"This passage has been proposed as teaching the baptism of a believer into the Holy Spirit, with the idea that he is filled with the Holy Spirit. But the grammatical construction just will not allow such an idea. If the text read baptism into the Father, into the Son, and into the Holy Spirit the idea might be sustained. But this is not so; it is a baptism into a name; and it is a baptism into one name not three names . . . . This is doctrinally important; there is only one name. We have Peter on the day of Pentecost as the interpreter of these words of the Lord, and we must be guided by him as to what he (Christ) meant . . . in Matt. 28. Speaking by the Holy Spirit he gave this interpretation of his Master’s words:
‘Repent, and be baptized every one of you in (into) the name of Jesus Christ’ (Acts 2:38).
In Acts 4:12, Peter declares emphatically "there is none other name under heaven given among men, whereby we must be saved." So the name of Jesus Christ must be equivalent to "the name of the Father, and of the Son, and of the Holy Spirit"… here is no warrant to read into them the idea that each believer was to receive a baptism of the Holy Spirit, as ‘the means whereby God communicates His blessings in these days of His Son’s sojourn in heaven.’ "2
This one "name" is the name of Divine Manifestation - YAHWEH3. When a sinner is added to the name, the immersed believer is IN the name (Acts 10:48).
The reader is referred to ‘John 14-16 additional notes’ for a suggestion as to the meaning of ‘the Holy Spirit’ in this verse.
1 The reader is referred to "A collection of the Evidence for and against the Traditional Wording of the Baptismal Phrase in Matt. 28:19", cf. TEST, Vol. 32, P. 80-82, 105. See http://jesus-messiah.com/apologetics/catholic/matthew2819.html viewed 4 July 2017.
2 PGHS, P. 61.
3 That the disciples did not attach the importance some have done to the specific use of the four letters which form the name (YHWH) is evident from Acts (cf. 3:6; 4:9-12).
"WE MUST WORK THE WORKS..."
When we compare these words with John 5:36, we see that the above-mentioned clause means that the working of miracles, by the power of the Holy Spirit, was a testimony from God to the authority of the Lord Jesus and later of the apostles (cf. Heb. 2:34; Mark 16:20). The Lord uses the term "we" (RV and RSV) and not "I", so indicating that the verse relates not only to the Lord himself but also to the apostles.
"NIGHT COMES, WHEN NO ONE CAN WORK"
The Lord is most definitely saying that the time would come when the Holy Spirit works would cease. Micah 3:6 is most interesting in this connection, for the Spirit there prophesies that the sun would go down on the prophets and the day would be black over the Jewish nation, and that it would be night without vision (cf. Joel 2:31). Associated with this prophecy in Micah 3 is the destruction of Jerusalem because of the stubbornness of the Jewish leaders (v. 12).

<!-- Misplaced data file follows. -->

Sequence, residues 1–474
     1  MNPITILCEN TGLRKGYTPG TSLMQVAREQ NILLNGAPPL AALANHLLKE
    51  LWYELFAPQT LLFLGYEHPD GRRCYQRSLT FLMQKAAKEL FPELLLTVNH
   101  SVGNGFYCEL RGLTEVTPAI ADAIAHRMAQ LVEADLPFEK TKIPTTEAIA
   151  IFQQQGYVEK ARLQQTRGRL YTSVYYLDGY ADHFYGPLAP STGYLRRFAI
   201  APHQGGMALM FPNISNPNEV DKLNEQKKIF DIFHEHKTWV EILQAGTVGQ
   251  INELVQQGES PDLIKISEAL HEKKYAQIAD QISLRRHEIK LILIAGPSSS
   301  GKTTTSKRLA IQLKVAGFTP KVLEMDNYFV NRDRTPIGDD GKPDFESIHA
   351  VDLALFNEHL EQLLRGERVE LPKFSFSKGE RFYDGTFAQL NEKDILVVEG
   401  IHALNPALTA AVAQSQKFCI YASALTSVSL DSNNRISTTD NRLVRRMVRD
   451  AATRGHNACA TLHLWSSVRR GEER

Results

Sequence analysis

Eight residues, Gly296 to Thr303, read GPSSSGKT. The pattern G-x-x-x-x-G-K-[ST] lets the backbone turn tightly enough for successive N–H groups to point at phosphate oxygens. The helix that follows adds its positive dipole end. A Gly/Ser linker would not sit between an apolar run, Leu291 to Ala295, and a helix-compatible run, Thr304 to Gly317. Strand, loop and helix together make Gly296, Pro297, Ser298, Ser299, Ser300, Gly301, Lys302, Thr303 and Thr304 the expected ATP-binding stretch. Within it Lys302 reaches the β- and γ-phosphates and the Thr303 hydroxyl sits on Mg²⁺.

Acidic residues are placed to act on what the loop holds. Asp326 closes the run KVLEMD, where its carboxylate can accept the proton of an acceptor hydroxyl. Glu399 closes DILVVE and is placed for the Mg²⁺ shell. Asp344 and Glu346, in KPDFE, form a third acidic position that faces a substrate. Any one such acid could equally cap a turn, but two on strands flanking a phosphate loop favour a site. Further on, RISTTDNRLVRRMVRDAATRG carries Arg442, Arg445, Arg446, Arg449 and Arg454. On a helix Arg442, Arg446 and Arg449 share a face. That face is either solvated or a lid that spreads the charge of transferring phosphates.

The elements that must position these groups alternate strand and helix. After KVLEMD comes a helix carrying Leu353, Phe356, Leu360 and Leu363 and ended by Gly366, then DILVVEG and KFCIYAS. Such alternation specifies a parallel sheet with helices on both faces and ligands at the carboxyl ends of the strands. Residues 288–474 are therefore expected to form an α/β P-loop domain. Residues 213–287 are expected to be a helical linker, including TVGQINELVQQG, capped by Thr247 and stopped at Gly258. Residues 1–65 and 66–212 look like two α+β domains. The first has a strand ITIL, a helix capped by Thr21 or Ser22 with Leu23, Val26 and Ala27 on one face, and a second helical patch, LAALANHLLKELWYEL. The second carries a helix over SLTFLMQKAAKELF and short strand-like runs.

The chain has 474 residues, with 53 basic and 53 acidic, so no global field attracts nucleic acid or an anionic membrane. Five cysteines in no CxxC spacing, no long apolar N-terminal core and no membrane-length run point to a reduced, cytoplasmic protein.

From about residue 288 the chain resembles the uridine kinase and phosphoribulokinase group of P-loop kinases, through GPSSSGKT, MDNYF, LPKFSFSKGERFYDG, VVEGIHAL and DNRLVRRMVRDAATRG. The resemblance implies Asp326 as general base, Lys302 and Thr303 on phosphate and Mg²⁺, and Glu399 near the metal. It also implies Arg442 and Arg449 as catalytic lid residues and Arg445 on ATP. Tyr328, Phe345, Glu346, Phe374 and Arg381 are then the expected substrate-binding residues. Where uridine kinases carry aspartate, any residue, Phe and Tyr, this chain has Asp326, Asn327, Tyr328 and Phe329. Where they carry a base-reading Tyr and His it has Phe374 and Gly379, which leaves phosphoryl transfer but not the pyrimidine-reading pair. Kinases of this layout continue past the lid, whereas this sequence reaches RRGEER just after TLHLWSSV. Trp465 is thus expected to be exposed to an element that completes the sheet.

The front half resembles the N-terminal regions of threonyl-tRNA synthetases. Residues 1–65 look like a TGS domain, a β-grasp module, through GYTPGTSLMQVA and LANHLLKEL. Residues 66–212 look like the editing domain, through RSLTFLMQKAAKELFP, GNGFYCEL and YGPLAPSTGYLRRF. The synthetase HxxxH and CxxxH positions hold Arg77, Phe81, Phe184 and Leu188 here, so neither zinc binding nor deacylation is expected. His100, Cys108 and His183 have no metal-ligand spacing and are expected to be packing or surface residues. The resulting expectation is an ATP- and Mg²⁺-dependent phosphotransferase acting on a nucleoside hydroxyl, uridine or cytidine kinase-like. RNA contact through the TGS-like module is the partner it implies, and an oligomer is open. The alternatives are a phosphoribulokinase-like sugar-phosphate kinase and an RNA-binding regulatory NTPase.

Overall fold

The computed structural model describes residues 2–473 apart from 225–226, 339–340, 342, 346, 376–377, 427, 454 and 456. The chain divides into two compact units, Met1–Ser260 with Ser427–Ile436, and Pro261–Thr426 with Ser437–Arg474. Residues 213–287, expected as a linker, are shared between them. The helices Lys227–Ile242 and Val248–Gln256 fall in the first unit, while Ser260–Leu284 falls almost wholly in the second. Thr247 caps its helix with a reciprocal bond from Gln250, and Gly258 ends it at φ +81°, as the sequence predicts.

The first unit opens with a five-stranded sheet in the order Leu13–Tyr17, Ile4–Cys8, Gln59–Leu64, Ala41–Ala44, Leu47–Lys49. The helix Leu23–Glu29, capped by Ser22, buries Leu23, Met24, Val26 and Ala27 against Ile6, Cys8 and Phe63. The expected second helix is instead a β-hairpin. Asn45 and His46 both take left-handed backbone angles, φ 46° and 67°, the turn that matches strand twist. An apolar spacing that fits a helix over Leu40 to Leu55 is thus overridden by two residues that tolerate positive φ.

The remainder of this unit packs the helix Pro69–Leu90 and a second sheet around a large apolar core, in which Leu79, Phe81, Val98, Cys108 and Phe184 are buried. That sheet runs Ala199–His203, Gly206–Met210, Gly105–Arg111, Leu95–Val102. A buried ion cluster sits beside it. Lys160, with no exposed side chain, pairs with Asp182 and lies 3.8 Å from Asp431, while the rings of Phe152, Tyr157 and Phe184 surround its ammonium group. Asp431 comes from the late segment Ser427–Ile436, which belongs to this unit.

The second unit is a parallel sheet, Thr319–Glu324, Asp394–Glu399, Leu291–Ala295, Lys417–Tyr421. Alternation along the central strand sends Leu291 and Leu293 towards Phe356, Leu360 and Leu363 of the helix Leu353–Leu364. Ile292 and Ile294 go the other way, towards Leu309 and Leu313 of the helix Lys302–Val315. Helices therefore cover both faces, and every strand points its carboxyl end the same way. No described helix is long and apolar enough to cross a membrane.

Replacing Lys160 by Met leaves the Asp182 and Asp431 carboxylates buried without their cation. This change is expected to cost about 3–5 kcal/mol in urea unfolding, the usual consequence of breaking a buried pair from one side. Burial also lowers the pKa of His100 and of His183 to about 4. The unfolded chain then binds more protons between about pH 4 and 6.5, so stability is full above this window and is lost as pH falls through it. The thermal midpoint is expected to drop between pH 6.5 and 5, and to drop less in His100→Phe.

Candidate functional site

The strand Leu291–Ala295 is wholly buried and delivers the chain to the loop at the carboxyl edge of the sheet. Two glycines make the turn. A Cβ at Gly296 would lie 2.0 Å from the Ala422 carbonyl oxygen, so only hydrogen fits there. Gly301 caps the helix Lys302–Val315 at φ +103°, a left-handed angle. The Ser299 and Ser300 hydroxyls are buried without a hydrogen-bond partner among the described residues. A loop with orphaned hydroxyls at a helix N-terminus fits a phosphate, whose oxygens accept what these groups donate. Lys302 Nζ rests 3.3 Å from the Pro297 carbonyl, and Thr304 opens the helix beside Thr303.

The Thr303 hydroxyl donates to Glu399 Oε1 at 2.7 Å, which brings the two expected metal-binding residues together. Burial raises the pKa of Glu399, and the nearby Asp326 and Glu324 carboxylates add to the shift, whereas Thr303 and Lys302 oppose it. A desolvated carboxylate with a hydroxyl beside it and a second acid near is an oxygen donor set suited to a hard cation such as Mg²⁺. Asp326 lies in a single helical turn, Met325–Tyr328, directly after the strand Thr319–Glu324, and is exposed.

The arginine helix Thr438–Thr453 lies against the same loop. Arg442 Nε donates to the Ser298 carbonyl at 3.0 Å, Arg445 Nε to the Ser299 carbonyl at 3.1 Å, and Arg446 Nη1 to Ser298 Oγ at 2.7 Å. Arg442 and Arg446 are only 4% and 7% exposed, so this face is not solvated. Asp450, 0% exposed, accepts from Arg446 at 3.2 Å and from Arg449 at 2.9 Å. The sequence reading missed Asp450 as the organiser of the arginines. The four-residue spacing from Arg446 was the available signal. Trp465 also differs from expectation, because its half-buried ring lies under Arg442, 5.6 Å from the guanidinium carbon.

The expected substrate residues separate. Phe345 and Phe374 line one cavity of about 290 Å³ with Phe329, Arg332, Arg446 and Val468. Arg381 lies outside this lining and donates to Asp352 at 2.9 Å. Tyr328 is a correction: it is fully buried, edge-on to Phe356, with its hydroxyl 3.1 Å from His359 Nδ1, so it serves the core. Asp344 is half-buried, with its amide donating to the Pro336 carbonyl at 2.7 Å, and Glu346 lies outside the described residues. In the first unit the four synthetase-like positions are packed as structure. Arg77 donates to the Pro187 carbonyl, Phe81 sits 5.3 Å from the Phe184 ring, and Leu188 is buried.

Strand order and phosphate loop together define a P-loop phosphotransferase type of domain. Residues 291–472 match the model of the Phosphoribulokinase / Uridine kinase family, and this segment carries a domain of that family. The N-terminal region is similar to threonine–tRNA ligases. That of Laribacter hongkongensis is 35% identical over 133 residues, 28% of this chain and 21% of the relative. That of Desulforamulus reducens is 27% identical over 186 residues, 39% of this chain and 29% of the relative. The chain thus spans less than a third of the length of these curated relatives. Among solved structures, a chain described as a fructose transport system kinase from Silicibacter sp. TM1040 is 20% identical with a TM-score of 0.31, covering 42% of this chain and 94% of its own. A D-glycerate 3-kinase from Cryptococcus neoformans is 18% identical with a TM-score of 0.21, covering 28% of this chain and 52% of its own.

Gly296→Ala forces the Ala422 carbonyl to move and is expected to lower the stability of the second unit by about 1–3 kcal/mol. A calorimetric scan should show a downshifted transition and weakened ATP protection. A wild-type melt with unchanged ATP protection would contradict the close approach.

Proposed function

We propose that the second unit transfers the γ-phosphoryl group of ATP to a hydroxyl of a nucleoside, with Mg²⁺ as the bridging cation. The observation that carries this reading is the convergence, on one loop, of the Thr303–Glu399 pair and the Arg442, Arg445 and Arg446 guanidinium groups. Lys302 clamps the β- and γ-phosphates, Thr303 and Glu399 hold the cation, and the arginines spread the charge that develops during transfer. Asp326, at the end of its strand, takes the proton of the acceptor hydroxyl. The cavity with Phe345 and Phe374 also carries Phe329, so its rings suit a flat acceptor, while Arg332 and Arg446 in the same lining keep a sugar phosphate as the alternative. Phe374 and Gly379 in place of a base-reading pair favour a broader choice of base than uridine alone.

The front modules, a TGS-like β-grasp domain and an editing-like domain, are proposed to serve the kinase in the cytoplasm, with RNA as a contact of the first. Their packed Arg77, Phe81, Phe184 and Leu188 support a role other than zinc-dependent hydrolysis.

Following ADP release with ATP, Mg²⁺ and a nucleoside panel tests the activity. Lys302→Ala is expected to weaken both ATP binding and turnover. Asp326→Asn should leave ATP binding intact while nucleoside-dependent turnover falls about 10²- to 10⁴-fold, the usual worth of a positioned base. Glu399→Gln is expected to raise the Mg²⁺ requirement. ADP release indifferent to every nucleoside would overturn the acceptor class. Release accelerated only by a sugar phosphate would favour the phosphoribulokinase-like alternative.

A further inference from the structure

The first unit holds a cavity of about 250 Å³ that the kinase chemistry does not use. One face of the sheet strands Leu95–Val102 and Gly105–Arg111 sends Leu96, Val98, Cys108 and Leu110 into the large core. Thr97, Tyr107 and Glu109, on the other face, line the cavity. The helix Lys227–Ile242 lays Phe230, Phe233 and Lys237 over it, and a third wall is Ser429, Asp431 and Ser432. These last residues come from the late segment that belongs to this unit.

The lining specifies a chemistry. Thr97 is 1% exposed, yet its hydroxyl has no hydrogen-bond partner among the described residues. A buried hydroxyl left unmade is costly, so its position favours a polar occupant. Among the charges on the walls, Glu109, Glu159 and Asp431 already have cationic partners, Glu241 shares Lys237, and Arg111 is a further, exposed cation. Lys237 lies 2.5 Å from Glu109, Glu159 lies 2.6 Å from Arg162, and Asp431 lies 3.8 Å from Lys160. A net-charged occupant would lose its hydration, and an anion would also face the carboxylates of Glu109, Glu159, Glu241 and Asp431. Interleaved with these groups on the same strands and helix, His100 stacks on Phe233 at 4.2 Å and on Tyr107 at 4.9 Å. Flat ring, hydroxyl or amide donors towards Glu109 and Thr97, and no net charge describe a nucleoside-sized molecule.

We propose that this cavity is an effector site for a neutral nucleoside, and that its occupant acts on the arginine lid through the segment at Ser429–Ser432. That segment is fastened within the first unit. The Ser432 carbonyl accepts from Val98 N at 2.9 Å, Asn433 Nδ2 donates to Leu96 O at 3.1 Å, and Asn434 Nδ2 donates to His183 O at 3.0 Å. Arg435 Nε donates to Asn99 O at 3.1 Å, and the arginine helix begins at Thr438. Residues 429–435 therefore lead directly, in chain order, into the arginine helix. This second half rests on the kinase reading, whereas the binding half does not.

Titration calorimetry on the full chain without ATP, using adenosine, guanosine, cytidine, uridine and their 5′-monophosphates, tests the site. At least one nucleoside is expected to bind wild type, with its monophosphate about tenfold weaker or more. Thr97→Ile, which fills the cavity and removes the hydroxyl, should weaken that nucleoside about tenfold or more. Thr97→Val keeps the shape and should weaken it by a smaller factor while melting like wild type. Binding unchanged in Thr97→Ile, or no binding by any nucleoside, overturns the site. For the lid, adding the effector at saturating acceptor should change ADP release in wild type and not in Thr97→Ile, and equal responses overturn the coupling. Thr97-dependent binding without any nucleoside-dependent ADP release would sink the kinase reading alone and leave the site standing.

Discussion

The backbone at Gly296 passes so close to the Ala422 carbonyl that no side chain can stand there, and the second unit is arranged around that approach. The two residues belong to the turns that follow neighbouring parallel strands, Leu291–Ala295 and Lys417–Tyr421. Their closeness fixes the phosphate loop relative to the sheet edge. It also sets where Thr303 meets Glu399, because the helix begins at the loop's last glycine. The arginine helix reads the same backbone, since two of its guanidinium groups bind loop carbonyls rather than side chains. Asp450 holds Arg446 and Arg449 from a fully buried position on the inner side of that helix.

"AS LONG AS I AM IN THE WORLD, I AM THE LIGHT OF THE WORLD"
Whilst the Lord Jesus departed to the Right Hand of the Ancient of Days before Pentecost, he was still in a real sense with the apostles in their ministry. Mark 16:20 reads, "And they went forth and preached everywhere, while the Lord worked with them and confirmed the message by the signs that attended it". Matthew 28:20 "…lo, I am with you always, to the close of the age". That the "close of the age" refers to the close of the Mosaic5 age is evidenced by Hebrews 9:26 and 1 Peter 1:20, an age which closed with the destruction of Jerusalem which commenced in AD 70 and was completed as prophesied in Micah 3:12 in AD 135.
In short, then, in John 9:4-5 the Lord Jesus clearly teaches that the Holy Spirit would be withdrawn at the end of the age, i.e. AD 70, approximately 38-40 years after it was given to the disciples at Pentecost6.
1 cf. footnote 1 at John 14:26 and the notes on the Comforter.
2 RV margin at Matt. 28:20.
3 Young’s. While aion is an elastic word the meaning here when compared with Matt. 28:20 is quite clear. Liddell and Scott have the primary meanings of aion as:
(1) a man’s lifetime (in which sense it is plainly used in John 13:8 and 1 Cor. 8:13, RV) or
(2) an era, which has both a beginning and an ending (e.g. Matt. 13:22). Both definitions fit and show that Christ is assuring the disciples that the Holy Spirit would remain with them as long as they lived.
4 The words of Mark 16:15-20 and Paul in Col. 1:23 indicate that a witness had been made unto all nations in their time.
5 This author regards the end of the Mosaic age and the end of the Apostolic Age as the same period of time.
6 TBSM, Vol. 7, P. 29.